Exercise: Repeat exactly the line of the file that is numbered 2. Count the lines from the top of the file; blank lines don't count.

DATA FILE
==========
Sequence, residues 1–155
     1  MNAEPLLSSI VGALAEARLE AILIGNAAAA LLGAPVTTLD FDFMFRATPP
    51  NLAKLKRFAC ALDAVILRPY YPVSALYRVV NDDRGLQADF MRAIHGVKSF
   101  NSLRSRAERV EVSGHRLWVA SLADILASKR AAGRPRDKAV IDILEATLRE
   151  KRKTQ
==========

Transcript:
     1  MNAEPLLSSI VGALAEARLE AILIGNAAAA LLGAPVTTLD FDFMFRATPP